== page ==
Lindsay was the main organiser for the conference and was to be my host later when I returned to Bristol. She was flushed and a little stressed but full of a deep warmth when we met. You could tell she was really present when she spoke to you, despite all the things she must have been having to sort out.
The workshops and seminars included strategy, movement building, alternative economics, communication climate change, and the upcoming COP climate talks in Paris. There was also mention of a terrifying proposed trade agreement called TTIP that I didn’t emotionally take in at the time. When you reach out and look at the bigger picture it can be a huge relief. It can also tell you more things that you need to come to terms with. To hear the size and strength of other groups that were working on the problems was wonderful. To be able to discuss strategy together. One discussion that gave me a thrill was that of joint future actions for 38 degrees, 350 and Avaaz. A physical action involving these three groups sounded amazing.
Both 38 degrees and Avaaz had campaigned online only at this point. At the time of writing Avaaz has around forty million members. In the five years since it was launch it has become the most powerful online activist network in the world. 38 degrees is a UK online campaigning group with over 2.5 million members.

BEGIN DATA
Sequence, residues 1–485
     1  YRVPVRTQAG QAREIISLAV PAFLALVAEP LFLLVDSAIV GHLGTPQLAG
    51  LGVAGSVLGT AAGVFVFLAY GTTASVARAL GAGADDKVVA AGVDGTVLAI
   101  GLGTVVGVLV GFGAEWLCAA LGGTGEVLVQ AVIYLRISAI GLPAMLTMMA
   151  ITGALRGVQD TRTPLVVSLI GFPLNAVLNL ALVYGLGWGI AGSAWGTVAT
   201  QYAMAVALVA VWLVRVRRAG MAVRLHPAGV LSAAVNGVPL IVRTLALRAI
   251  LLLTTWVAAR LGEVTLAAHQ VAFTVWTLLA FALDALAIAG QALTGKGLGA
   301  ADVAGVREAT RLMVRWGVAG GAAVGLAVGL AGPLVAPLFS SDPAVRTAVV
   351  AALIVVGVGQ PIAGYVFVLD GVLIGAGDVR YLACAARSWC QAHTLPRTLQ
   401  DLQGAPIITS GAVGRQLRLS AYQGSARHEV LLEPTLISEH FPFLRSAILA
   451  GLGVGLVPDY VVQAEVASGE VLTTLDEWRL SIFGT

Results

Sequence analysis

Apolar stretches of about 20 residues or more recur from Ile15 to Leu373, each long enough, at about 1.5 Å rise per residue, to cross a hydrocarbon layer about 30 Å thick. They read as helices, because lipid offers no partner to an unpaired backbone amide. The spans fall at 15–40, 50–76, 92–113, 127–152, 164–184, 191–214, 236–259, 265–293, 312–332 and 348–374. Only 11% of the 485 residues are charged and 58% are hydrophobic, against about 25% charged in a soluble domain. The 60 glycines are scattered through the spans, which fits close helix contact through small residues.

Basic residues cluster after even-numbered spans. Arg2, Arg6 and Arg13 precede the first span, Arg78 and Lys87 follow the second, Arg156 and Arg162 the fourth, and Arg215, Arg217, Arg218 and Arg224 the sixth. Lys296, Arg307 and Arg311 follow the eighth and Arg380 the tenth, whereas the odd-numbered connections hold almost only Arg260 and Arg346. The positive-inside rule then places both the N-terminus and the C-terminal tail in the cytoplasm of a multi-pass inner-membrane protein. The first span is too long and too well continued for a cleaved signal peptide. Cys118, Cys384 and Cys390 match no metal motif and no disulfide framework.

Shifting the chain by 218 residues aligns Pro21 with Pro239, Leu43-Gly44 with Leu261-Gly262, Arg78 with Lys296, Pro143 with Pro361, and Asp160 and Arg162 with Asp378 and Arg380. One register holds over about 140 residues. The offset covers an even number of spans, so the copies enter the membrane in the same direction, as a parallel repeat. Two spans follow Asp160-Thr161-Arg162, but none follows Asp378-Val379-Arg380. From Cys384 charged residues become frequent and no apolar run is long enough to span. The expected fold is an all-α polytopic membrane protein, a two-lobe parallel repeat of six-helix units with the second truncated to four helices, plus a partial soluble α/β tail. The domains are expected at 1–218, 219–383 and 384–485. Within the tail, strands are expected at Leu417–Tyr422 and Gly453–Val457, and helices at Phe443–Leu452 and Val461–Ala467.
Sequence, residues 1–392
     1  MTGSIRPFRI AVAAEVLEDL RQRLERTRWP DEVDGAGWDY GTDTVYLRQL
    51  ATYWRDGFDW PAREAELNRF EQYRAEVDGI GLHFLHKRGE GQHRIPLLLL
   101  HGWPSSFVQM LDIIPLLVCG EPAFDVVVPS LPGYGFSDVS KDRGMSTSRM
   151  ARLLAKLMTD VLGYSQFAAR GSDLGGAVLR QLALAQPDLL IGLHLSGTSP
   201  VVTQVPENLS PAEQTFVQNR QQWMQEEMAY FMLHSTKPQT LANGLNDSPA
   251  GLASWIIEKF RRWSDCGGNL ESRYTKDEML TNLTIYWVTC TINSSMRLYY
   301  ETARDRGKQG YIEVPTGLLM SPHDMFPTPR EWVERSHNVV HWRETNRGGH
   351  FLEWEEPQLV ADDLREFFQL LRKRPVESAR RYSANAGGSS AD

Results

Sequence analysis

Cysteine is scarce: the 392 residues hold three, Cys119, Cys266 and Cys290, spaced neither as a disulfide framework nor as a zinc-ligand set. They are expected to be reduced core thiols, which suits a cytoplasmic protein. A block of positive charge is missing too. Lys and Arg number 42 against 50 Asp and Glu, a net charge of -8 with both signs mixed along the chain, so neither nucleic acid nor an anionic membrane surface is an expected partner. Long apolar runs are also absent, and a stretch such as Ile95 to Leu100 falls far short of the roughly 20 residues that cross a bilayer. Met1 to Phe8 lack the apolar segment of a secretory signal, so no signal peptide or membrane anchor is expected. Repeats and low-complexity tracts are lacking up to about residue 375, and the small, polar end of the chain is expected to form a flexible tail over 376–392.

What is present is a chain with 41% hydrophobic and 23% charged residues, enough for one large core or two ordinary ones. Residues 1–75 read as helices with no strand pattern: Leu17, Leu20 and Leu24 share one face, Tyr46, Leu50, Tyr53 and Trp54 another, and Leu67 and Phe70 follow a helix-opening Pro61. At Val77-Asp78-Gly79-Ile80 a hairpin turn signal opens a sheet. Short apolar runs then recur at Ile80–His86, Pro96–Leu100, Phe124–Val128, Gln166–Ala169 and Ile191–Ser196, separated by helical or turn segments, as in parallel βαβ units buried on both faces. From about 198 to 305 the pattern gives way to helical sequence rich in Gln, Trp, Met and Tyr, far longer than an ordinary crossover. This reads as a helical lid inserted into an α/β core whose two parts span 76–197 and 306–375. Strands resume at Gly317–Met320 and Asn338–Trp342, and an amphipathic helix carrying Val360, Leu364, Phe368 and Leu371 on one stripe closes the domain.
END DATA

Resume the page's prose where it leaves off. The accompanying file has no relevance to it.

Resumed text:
350.org is an worldwide climate change movement that calls for people to stop investmenting in fossil fuels. It was started in the USA by environmentalist Bill McKibben and his students. When you reduce or remove your investments from something it is known as divestment.
There was a great deal of understanding during the day, a shared desire to come together for our shared purpose. Many of us talked about making the movement visible to each other. Just how many of us are there?! How many others like us want to act on climate change. We all wondered.
Many discussions were about solidarity – how to support others and recognise that their purpose and struggle is also ours. In reading about political change I had learnt that significant change is usually preceded by a coming together of diverse struggles which had previously seemed unrelated. It sounded so good to my ears.
I met up with Sheila, an activist film maker, who was to be my host that night in London. As Sheila says, she’s often ‘the only brown face in the room’ when she goes to environmental meetings and obviously wants that to change.
The first time I saw Sheila she was interviewing Caroline Lucas, the Green MP, during an anti-fracking sit-in at Balcombe. I was stood behind them on a chair doing legal observing. During the course of my four hours of observation I don’t think I’ve ever heard someone speak more sense than Caroline Lucas did, about women’s rights, our society and environment. After the interview Sheila decided to sit down with Caroline and the others who were protesting. Bright signs, banners, colourful outfits and political chanting were all around us. Some people were drumming and playing music.
Caroline Lucas’ son, Theo, arrived from another protest against the fracking site and sat down next to his mother. He was the first one they took.